Tips For Caregiver's

People with Alzheimer's disease frequently become more disoriented after dark or when waking. Leaving a night-light on in the bedroom may be helpful.


Tuesday, November 20, 2007

Little White Lies

Last night Muddear thought...well I am not quite sure what she thought. After dinner, when I went to spend time with Muddear she wanted to talk to me. She wanted to know why I fed her dinner last after everyone else had eaten.

I quickly explained that she ate dinner at the same time. That when dinner was ready I made everyone's plate, including her plate, and served dinner to everyone. I went on to explain that in actuality, she had her food and had begun eating before I did.

"No that's not true," Muddear said. "I went down stairs and I saw you and the family eating before you gave me my food. Why is that?"

"Muddear, that is not true. You are in a wheelchair and cannot go up and down the stairs by yourself."

"Yes, I can. I just hold on to the bannister."

"Not by yourself without assistance."

"Yes, I can. I don't need your help. I just hold onto the bannister."

"Well, if that is the case, I would like for you to show me right now. If I am comfortable with you traveling up and down the stairs by yourself, then you can come downstairs and eat with us all of the time."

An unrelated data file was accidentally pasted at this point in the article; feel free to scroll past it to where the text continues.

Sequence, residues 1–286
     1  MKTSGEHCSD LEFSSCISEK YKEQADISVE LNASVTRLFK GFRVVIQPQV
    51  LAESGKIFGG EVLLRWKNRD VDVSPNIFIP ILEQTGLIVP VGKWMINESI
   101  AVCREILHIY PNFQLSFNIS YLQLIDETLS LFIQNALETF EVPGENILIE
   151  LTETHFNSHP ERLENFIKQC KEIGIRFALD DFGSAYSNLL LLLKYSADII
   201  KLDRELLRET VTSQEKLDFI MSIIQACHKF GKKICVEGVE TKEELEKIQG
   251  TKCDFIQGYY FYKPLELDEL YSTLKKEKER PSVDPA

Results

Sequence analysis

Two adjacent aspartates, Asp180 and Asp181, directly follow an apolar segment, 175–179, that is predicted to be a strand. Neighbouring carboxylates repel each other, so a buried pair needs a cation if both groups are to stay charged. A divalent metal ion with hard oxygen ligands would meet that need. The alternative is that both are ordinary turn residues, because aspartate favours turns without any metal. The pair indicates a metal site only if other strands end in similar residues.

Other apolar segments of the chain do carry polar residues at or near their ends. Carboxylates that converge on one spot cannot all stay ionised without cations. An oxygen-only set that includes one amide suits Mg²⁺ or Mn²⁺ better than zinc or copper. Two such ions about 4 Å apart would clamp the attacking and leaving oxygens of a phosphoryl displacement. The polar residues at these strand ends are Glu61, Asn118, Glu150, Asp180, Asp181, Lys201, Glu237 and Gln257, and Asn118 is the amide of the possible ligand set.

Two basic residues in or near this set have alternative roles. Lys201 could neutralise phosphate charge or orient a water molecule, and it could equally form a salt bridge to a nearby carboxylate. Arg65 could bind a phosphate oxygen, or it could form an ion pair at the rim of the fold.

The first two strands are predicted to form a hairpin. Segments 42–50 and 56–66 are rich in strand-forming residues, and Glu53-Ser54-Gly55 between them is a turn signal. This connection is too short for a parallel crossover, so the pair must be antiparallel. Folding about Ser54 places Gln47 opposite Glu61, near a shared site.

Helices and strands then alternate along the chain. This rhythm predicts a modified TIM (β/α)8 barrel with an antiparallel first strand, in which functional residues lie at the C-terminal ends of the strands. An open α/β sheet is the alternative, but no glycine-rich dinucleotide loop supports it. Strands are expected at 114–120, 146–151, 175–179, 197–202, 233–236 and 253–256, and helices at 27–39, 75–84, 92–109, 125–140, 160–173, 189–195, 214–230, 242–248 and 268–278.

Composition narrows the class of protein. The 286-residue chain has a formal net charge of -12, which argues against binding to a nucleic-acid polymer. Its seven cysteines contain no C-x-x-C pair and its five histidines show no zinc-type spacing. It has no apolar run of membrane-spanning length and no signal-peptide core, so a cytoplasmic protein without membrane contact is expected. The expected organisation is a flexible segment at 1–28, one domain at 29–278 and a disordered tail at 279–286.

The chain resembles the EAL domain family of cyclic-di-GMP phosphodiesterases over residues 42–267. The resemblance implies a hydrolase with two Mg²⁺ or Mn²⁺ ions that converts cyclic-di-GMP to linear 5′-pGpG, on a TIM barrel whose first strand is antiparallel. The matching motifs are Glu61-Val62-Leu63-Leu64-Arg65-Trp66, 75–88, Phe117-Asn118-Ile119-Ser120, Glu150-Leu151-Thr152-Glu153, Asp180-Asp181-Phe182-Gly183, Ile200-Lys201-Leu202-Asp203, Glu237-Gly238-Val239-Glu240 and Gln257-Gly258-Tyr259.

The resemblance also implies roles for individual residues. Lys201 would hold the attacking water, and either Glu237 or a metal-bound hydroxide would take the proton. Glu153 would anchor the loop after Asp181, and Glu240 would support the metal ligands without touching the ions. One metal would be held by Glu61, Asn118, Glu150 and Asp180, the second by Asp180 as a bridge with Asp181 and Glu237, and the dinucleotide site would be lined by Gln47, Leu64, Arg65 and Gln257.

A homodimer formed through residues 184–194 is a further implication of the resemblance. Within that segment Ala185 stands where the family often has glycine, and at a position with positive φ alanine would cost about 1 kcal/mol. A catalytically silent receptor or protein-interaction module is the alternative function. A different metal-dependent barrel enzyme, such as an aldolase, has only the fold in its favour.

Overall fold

"Well, I didn't go all the way down. Just part of the way."

"That's okay. This is very exciting! You have never been able to go down the stairs without our help. I would really like to see you do it again."

"No, what I said was I can come downstairs with help. I'm in a wheelchair."

"Okay. Then you really didn't see us at the table eating dinner did you?"

"No, I just thought you were and that is different than normal."


Lisa S. said...

Nikki- after reading a few of your posts I had to comment. You are going to be so glad you did this years from now, what a great way to remember the daily things that make you smile during this time. I have worked in assisted living and my favorite residents were the ones with dementia. Whenever I had a bad day, I would visit with them and forget all my trivial problems. I so wish I could remember some of the things that would happen or that they would say that made my day, or that made me cry or that made me want to give them a big hug. I am going to add your blog to my blog roll (if thats OK!) I think people who land on mine would enjoy reading yours. Keep it up and may you and Flossie have a wonderful Thanksgiving.

Nikki said...

Thank you Lisa! Blogging has truly turned my caregiving experience around. It help me to see the positive even humorous side of caregiving instead of seeing it as a burden. Being 32 when my grandmother initially came to live with us, I was afraid of the sacrifice required to be a caregiver. Now I can't imagine our lives without her. Thank you for linking to Dementia Thoughts. I can't wait to check out your blog.

Glorious Hats said...

Hi Nikki, I've been reading daily for the last week and just thought I'd surface and say hello and just let you know I'm here with you and appreciate your sharing your and Muddear's days. Sending you good thoughts and energy everyday, even when not leaving a comment.
Hugs, Jane

Nikki said...

Thanks Jane! I appreciate your thoughts and kindness for commenting. Writing keeps me sane and being able to share and possibly brighten someone else day is simply icing on the cake.

Have a wonderful Thanksgiving!